We often imagine artists working alone in their dark, paint-filled studios, their lives getting shorter with each breath of toxic turpentine or thinner laced air. Skinny, pale and haters of the world and other people, the stereotypical artist would never been seen working with someone else in their work.
Fortunately, we now live in the twenty first century and the daily routine of a professional artist is radically different. For a photographic artist like Zen Teh, the story of the stereotypical artist almost seems like a story of her alter ego. The nature of her medium means that her studio is basically the laptop, and the world seen through the camera lens. Outside of the gallery, she is also interested in raising awareness for the environment and building a more harmonious relationship for herself with nature. This is clearly reflected in her works: images of green, trees, forestry inundate the surface. In November 2016, prints from a series of her work, The Imperative Landscape, captured the imagination of Alliançe francaise de Singapour and Teh was recognised as the winner for the 7th France + Singapore Photographic Arts Award.
Part of the award is a solo exhibition at Alliançe francaise de Singapour’s Société Générale Gallery in this year, almost a year after the award. And so with the support of Alliançe francaise, Teh opened her 3rd solo exhibition, Vestiges: Tracing urban-nature on Wednesday, 6 September 2017.
Following on a string of collaborations, the new series of work for Vestiges, Garden State Palimpsest, is produced through a partnership with architectural researcher Nicole Teh. Zen’s practice is notable for the varied yet highly successful collaborations that she had accomplished with scientist Professor Ching Jianhong, product and UIUX designer Sharifah Nasser, the Community Health Assessment Team at Institute of Medical Health and ex-classmates Hera (art researcher) and Ong Fangzheng (conservator). Each collaboration has expressed the strengths, interests and style of the collaborators involved. Garden State Palimpsest is no different, reflecting the personality of both Nicole and Zen.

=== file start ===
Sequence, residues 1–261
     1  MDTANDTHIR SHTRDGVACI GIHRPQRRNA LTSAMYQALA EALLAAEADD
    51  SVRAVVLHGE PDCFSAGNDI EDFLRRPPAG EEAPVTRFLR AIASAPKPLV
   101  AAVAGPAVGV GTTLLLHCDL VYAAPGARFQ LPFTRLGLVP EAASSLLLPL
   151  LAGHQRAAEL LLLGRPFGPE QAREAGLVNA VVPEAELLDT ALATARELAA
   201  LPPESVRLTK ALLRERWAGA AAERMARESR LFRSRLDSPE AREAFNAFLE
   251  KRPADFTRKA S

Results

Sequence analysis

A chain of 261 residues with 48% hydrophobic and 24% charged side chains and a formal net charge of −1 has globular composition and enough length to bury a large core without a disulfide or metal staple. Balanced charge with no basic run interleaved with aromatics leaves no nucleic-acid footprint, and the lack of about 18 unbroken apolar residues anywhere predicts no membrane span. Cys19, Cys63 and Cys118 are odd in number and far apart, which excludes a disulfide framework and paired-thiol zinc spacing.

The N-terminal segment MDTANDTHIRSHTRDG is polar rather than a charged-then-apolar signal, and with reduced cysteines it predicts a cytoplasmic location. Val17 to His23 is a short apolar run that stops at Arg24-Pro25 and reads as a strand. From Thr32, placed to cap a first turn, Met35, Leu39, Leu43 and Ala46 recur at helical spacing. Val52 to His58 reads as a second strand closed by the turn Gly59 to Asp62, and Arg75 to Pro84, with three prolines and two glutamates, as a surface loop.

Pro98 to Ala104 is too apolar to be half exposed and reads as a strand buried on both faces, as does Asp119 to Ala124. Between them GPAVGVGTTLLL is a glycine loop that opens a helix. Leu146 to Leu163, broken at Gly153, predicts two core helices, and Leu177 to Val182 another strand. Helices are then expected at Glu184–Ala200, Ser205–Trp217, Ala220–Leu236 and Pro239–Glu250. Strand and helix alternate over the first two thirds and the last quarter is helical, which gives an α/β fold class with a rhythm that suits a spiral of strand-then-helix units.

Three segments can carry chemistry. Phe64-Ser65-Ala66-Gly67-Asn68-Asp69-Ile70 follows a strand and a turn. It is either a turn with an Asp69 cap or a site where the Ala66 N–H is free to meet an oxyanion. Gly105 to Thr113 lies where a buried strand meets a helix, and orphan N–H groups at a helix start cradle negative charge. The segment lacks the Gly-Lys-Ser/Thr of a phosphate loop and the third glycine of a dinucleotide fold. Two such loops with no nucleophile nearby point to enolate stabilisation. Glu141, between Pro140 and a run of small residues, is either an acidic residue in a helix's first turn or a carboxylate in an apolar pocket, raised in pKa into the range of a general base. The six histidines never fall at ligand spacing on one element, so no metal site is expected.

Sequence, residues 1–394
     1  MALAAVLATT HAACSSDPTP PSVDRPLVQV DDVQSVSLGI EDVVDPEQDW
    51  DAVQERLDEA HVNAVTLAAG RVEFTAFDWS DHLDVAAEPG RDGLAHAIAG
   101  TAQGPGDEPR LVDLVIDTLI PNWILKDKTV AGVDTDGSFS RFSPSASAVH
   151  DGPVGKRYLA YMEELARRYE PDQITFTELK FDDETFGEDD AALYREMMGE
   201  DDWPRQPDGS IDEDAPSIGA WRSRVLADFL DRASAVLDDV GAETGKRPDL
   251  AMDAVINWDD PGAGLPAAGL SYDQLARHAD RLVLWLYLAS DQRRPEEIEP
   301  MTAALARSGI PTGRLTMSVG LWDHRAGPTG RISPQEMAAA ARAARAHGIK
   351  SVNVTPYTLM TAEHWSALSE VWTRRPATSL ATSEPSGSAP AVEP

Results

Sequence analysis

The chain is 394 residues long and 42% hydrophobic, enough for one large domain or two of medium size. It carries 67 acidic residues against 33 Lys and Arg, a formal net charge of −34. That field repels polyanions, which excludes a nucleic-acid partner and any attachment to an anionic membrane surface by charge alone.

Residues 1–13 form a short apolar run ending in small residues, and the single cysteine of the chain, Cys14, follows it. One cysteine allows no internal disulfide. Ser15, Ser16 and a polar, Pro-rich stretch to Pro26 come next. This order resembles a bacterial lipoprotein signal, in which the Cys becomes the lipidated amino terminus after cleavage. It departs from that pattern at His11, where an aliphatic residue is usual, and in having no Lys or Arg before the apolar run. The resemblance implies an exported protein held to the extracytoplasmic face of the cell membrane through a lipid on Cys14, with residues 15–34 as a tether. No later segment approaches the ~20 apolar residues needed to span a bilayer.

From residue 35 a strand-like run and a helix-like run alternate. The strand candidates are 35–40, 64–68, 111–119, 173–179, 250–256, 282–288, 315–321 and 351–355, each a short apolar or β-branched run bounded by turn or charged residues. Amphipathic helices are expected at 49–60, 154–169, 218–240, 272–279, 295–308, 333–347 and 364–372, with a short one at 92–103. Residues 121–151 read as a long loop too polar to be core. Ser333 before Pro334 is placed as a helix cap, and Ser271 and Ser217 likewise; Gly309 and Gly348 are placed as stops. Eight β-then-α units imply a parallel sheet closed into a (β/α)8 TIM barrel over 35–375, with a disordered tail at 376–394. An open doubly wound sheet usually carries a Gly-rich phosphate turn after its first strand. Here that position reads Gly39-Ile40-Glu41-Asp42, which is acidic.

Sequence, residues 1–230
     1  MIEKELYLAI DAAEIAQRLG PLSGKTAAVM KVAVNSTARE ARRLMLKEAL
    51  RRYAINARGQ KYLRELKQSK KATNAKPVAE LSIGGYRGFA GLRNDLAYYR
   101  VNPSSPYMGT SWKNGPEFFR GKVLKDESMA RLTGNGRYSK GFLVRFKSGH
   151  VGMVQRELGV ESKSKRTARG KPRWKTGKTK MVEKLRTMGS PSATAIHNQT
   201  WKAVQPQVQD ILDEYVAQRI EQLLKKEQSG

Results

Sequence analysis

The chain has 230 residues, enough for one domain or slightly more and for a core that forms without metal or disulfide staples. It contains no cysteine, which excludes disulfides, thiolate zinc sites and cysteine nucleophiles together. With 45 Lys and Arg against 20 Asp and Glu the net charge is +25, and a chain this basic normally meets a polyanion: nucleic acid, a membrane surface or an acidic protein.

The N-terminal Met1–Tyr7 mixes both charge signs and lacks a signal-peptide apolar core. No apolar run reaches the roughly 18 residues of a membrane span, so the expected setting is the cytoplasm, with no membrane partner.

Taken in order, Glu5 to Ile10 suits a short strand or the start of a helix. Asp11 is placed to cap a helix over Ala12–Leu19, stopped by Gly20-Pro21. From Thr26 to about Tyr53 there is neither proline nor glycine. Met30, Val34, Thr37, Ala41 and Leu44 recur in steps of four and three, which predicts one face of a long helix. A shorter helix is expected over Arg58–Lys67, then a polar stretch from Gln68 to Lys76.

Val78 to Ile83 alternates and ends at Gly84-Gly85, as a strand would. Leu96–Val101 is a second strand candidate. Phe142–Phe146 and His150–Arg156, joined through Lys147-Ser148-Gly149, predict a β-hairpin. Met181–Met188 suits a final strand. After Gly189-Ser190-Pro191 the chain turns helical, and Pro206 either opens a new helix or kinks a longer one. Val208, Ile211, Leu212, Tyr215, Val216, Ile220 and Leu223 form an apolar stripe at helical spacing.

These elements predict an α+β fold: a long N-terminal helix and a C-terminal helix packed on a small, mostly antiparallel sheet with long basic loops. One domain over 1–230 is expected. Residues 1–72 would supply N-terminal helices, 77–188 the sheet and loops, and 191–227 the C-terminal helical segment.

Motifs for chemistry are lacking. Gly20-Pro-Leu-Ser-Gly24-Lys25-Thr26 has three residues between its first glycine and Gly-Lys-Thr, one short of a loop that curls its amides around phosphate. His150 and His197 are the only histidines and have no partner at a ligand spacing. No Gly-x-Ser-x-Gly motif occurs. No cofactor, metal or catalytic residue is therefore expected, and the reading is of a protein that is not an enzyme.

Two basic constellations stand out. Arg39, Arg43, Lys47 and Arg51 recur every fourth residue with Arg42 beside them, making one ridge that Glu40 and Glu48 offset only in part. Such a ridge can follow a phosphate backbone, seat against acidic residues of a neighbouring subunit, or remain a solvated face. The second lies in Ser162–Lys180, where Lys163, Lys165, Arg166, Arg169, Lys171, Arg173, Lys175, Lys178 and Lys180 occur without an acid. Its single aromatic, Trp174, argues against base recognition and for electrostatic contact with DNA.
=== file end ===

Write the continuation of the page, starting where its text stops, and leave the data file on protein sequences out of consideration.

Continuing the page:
Some background on Nicole: a graduate of the BSc Architecture program from the Bartlett School of Architecture in University College London, her work was exhibited in the summer show in the Royal Academy of Arts in 2016. She is also a recipient of a scholarship from DesignSingapore, with which she will be embarking on the Masters in Architecture program in Bartlett.
It speaks to the open personality of Zen to constantly challenge herself through working with others, especially those not in the same field. Marrying the practices of artistic production with, in Garden State Palimpsest, architectural production, Zen’s concerns about rapid urban development is manifested spatially. In her previous installation, A Familiar Forest (2015), photographic scrolls were placed in close proximity to each other. Visitors navigate carefully and intimately through the space, which also featured a synthesised sound track of nature. Garden State Palimpsest is made up of small, handy objects elevated by hand made plinths. The plinths are arranged by a geographical logic, in relation to the impressions received by Nicole and Zen of the different kampongs in their interviews with Singaporean kampong dwellers before the kampongs’ demolishment. Visitors navigate spatially around the ‘kampongs’, inspecting each object as if prospecting a property investment in a showroom. The clear presence of both voices in Garden State Palimpsest is a distinctive aspect of all of Zen’s collaborations.